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I have a load of data in CSV format. I need to be able to index this data based on a single text field (the primary key), so I'm thinking of entering it into a database. I'm familiar with sqlite from previous projects, so I've decided to use that engine.

After some experimentation, I realized that that storing a hundred million records in one table won't work well: the indexing step slows to a crawl pretty quickly. I could come up with two solutions to this problem:

  1. partition the data into several tables
  2. partition the data into several databases

I went with the second solution (it yields several large files instead of one huge file). My partition method is to look at the first two characters of the primary key: each partition has approximately 2 million records, and there are approximately 50 partitions.

I'm doing this in Python with the sqlite3 module. I keep 50 open database connections and open cursors for the entire duration of the process. For each row, I look at the first two characters of the primary key, fetch the right cursor via dictionary lookup, and perform a single insert statement (via calling execute on the cursor).

Unfortunately, the insert speed still decreases to an unbearable level after a while (approx. 10 million total processed records). What can I do to get around this? Is there a better way to do what I'm doing?

share|improve this question
Do you need to update the data or just search? Is the key variable size (with big variations)? Is the content variable sized (big variations)? – 6502 Jul 24 '13 at 6:12
I just need to search. The data will be read-only. The key and content is variable sized, but the variance isn't great. The content is variable sized, with significant variance. – misha Jul 24 '13 at 6:33
up vote 1 down vote accepted

I think the problem you have is that once the processing cannot just use in-memory buffers your hard disk head is just jumping randomly between 50 locations and this is dog slow.

Something you can try is just processing one subset at a time:

seen = {}   # Key prefixes already processed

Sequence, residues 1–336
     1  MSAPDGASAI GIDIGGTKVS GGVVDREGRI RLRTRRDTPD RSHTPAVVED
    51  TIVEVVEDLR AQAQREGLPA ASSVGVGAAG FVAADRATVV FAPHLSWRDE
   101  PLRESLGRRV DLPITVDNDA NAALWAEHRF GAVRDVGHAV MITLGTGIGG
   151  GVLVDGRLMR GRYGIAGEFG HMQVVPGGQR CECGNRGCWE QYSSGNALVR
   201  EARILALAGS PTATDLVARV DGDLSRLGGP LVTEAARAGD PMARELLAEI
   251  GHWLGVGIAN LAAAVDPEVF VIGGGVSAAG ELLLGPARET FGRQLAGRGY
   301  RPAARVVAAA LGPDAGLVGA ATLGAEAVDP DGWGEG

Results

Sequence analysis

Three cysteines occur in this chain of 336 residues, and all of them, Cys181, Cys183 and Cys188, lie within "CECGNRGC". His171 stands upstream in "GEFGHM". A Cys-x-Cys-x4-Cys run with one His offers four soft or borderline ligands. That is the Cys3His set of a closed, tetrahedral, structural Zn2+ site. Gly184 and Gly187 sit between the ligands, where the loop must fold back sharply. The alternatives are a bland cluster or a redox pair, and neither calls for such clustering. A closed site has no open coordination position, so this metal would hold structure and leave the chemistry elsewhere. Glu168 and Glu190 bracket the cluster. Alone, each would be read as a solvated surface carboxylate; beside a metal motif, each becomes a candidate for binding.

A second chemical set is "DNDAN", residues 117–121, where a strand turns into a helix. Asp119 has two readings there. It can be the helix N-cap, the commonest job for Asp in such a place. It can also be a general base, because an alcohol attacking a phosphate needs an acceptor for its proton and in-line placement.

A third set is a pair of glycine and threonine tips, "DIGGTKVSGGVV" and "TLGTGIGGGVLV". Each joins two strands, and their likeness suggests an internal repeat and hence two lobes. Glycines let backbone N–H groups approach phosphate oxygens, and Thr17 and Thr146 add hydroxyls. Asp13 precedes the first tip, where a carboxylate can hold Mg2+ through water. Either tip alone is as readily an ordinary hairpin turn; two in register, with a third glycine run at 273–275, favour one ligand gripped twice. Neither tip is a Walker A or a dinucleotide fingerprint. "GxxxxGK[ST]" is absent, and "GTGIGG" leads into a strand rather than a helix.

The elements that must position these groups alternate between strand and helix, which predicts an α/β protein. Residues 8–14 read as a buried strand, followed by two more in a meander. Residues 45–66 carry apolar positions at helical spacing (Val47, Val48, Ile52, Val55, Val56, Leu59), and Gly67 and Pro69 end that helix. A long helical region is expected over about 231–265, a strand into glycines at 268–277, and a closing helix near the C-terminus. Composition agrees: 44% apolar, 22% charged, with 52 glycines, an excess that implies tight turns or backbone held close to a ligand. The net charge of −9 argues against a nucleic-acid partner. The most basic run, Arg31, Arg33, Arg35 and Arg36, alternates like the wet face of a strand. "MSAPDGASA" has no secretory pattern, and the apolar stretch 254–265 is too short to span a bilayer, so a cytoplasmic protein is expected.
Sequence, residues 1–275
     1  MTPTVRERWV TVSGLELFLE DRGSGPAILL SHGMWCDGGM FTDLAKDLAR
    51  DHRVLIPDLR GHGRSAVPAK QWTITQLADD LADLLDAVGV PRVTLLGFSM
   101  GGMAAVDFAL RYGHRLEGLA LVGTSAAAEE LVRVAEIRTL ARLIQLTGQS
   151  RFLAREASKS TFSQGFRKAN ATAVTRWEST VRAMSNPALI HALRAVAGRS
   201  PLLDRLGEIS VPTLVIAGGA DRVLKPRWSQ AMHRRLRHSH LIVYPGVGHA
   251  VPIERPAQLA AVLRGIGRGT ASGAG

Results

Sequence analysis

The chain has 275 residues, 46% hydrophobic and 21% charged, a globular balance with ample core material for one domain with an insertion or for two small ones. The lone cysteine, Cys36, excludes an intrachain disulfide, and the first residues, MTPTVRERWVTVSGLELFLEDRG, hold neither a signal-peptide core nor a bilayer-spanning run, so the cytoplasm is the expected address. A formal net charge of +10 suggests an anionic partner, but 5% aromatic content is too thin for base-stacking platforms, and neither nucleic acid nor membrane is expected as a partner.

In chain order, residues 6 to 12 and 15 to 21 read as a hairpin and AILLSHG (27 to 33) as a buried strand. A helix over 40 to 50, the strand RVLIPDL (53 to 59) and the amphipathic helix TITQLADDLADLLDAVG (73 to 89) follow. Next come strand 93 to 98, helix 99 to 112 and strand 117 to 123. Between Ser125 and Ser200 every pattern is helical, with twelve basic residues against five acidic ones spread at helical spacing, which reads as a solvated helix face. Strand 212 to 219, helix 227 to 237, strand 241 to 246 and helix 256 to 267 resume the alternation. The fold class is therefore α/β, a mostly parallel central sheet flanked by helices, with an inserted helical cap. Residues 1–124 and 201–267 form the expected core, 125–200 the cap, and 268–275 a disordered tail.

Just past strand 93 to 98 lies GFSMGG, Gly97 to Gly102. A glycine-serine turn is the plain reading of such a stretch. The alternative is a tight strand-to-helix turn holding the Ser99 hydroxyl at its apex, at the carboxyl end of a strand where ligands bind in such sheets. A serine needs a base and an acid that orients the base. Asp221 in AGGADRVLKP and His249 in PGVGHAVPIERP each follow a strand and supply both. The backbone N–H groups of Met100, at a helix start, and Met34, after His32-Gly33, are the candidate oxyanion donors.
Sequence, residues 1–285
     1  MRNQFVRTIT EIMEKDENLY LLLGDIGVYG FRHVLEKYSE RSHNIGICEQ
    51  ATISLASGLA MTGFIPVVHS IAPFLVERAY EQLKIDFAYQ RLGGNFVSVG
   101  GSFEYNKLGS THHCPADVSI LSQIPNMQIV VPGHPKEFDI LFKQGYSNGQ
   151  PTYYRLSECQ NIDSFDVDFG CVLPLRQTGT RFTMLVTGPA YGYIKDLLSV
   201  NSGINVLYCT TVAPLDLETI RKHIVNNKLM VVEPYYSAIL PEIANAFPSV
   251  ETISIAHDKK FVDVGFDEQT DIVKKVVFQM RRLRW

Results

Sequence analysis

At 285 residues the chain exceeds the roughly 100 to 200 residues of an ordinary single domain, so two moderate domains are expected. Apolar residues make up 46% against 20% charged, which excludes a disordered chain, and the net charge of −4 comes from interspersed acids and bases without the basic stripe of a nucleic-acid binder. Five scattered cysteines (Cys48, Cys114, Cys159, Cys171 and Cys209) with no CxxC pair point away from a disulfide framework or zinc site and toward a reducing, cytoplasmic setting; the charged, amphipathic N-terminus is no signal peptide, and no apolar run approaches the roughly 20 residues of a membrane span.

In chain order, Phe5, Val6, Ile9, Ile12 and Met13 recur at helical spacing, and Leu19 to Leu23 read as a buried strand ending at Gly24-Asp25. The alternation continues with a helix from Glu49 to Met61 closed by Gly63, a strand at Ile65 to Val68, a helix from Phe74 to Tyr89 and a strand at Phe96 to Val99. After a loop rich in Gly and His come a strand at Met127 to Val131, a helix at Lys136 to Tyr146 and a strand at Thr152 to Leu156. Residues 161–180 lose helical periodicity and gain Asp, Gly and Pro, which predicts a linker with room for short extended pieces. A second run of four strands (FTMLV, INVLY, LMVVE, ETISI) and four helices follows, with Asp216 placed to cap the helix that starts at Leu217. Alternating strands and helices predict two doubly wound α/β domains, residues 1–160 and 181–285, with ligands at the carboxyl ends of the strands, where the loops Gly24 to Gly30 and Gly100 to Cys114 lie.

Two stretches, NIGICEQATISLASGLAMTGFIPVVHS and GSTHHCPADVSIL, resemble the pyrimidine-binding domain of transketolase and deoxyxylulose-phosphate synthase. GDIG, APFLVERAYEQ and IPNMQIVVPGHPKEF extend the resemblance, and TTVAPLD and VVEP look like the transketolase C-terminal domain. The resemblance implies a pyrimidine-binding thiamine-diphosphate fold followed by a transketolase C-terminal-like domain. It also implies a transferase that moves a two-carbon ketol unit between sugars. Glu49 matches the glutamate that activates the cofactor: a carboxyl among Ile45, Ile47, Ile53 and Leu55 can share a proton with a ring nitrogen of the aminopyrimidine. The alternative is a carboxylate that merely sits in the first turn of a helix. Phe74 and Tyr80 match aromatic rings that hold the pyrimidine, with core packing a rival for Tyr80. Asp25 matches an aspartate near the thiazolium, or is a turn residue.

while True:
    k0 = None  # Current prefix
    for L in all_the_data:
        k = L[0][:2]
        if k not in seen:
            if k0 is None:
                k0 = k
            if k0 == k:
    if k0 is None:

This will do n+1 passes over the data (where n is the number of prefixes) but will only access two disk locations (one for reading and one for writing). It should work even better if you've separate physical devices.

PS: Are you really really sure an SQL database is the best solution for this problem?

share|improve this answer
Thanks! The one-at-a-time thing is a good idea. I'll give it a try. Regarding your last question: no, I'm not sure that this is the best way. I can't think of any other alternatives though... can you? – misha Jul 24 '13 at 6:35
Quite a few years ago (the PC was a 286) I've built a database of unique chess positions starting with 2 millions games (with an average of 70 positions per game). After banging my head against a wall for a while with standard databases the solution I found was based on a custom built file format and starting with a sort of the input data (trying to build the indexed data structure directly from random input was just making the hard disk scream). – 6502 Jul 24 '13 at 8:28
I ended up doing it this way. It will take a couple of hours (less than 48), but this is a one-off, so I can wait. – misha Jul 24 '13 at 15:22
  • Wrap all insert commands into a single transaction.
  • Use prepared statements.
  • Create the index only after inserting all the data (i.e., don't declare a primary key).
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